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For the past 10 minutes or so every search I have performed on Google (.co.uk) has brought up the “This site may harm your computer” warning page on almost every result (except for Google owned sites, like YouTube). Just take a look at this search for the term “Something”:

A screenshot of Google search results

I also tried on different browsers and get the same issues – is anyone else getting this? Either way it’s a little disconcerting that a bug like this can find its way into Google, but also in its own way a little reassuring that everyone has bugs.

Update: Yep it appears to be everywhere, this TechCrunch story covers it.

Update: The BBC have a bit more detail, seems an import of data from Stopbadware.org flagged everything as dangerous – do you think someone updated the query recently and missed out the WHERE id = [id] part, I know I’ve done that on in dev more than once. :)

At one of my previous jobs we had a massive amount of CSS to handle; we had the global styles, then section/page specific styles and on top of both of those we had different styles for various versions of the application (as the same application and content ran many sites).

The solution we came up with was not too dissimilar to the one discussed in this months A List Apart article Progressive Enhancement with CSS and that article is well worth a read. But I also thought I’d write a little about the setup that we came up with and how it worked out for us.
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Pleasefixtheiphone.com screenshot
I just came across this great site via Techcrunch called "Please fix the iPhone". It’s basically a list of issues which people are having with the iPhone and allows you to vote on ones you’d like to have fixed.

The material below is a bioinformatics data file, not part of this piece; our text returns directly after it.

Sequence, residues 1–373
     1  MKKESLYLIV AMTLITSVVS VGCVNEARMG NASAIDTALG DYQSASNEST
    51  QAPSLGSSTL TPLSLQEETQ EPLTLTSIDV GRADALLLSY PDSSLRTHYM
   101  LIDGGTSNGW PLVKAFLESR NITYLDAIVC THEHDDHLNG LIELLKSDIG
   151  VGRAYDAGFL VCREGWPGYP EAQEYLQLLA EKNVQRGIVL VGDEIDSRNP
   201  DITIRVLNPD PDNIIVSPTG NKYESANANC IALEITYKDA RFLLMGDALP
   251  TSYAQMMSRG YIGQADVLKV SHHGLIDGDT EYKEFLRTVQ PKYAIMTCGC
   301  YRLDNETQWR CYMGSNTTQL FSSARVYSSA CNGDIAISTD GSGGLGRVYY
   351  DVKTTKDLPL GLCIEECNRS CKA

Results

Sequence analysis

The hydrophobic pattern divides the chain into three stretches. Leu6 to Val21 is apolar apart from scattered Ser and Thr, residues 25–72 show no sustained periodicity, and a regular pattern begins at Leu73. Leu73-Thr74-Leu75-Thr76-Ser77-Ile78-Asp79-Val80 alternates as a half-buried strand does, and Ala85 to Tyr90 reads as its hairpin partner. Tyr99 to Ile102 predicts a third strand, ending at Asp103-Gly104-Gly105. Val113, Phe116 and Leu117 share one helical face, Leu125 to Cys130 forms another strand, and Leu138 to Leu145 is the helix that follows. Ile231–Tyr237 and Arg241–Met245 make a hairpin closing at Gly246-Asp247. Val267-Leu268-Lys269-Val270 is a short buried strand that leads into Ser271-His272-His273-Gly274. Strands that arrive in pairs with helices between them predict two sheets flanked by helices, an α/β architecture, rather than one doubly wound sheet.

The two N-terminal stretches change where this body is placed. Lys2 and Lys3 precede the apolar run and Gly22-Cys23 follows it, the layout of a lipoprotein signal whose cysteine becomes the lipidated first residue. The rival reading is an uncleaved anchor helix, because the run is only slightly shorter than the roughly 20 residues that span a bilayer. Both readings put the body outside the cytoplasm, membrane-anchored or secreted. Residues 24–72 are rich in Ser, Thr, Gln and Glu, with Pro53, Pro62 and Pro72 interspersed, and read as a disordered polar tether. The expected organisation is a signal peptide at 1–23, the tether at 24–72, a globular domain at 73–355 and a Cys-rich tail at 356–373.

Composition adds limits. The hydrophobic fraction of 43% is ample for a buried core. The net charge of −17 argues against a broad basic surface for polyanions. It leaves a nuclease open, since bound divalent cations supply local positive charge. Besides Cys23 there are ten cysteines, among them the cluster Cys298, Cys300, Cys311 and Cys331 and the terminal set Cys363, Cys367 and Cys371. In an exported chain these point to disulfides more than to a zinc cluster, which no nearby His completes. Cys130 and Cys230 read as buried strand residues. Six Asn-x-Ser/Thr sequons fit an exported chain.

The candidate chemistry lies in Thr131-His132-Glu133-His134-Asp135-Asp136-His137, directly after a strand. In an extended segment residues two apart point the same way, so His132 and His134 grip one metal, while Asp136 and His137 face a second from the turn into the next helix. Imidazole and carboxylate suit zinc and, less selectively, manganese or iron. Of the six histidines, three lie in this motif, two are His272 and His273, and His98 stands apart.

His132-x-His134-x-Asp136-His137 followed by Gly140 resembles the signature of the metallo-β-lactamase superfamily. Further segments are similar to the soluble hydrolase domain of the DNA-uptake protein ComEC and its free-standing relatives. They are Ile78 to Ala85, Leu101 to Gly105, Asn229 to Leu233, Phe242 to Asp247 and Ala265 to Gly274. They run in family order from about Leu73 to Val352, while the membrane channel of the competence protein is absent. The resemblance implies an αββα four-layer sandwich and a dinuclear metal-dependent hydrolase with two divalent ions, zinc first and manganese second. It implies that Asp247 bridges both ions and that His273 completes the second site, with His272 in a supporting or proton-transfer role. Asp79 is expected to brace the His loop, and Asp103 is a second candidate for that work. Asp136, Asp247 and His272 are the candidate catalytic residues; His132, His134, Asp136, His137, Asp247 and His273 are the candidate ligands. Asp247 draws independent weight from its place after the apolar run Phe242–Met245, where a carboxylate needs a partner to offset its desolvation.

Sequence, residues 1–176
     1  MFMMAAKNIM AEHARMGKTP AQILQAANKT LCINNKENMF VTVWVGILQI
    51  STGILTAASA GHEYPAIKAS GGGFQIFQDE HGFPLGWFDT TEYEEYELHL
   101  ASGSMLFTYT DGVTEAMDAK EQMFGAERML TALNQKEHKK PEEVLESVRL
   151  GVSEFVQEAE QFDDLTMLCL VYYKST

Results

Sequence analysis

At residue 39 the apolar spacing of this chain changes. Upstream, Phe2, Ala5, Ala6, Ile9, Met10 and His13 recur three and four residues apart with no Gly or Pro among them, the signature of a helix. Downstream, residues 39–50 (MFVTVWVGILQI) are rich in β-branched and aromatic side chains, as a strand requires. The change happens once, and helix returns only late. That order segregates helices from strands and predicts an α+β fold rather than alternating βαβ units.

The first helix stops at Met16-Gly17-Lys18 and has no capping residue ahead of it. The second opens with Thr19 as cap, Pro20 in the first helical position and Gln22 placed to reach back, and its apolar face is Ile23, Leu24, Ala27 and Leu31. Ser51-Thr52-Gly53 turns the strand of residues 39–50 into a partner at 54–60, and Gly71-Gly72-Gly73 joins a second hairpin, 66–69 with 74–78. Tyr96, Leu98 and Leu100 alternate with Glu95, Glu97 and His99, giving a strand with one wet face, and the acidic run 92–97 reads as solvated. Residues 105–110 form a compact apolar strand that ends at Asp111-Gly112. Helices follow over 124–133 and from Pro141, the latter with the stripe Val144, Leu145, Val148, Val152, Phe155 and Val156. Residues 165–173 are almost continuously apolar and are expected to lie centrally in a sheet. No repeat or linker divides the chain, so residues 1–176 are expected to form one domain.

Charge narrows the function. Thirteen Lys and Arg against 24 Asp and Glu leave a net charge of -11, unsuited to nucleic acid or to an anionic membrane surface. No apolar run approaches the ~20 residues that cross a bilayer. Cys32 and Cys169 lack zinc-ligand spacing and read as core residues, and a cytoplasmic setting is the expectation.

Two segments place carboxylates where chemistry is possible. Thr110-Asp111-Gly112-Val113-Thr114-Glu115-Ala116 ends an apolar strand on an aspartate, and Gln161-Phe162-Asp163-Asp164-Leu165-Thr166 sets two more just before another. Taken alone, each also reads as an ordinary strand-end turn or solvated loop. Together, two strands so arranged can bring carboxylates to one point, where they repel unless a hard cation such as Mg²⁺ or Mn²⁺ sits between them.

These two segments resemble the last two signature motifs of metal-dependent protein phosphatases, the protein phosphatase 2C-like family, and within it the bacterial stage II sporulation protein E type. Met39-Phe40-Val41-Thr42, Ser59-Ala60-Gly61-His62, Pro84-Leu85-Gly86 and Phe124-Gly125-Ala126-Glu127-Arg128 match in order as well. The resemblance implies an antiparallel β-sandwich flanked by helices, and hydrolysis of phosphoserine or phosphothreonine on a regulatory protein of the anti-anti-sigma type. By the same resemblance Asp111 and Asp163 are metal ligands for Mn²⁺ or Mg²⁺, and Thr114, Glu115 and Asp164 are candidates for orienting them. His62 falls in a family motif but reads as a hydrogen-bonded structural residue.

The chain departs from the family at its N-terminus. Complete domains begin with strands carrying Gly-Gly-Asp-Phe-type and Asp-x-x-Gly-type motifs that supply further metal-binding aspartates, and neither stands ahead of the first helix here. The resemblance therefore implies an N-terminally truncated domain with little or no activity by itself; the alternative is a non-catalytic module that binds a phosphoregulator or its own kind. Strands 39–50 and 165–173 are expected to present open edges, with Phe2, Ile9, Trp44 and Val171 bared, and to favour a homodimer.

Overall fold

It’s quite a nice idea and really well executed. What I really liked is the fact that they’ve obviously spent a little time designing this thing (both from a UI and functionality point of view). It’s really quite refreshing to see something like this appear in an era when most simple ideas I see like this end up running on a blog or a wiki platform.

So if you’ve got an iPhone head over there and vote, if you haven’t head over and take a look at the design.

Dave Gorman asked the question "Where does money come from?" earlier today, obviously the economy is on a lot of peoples minds at the moment (and not least my own — more on that another time). It was a simple question and there was a couple of really great links in the comments: Money as Debt video on Google Video, which is also available from moneyasdebt.net and a quick summation of the "Money as Debt" video.

I, like many others no doubt, thought that it was all based on the money that we deposit in banks; they invest some of that and keep some aside to let other depositors (and me) have access to some of that. But that still didn’t answer the question as to where the rest of the money comes from but the video does a great job of explaining it.

And if after watching that you’re not a little concerned then you must be a banker.

I was asked a question a while back over IM. The question and my subsequent answer made me think about my coding style, decision making process and evolution over the years and I decided that I would share those thoughts with you (aren’t you lucky).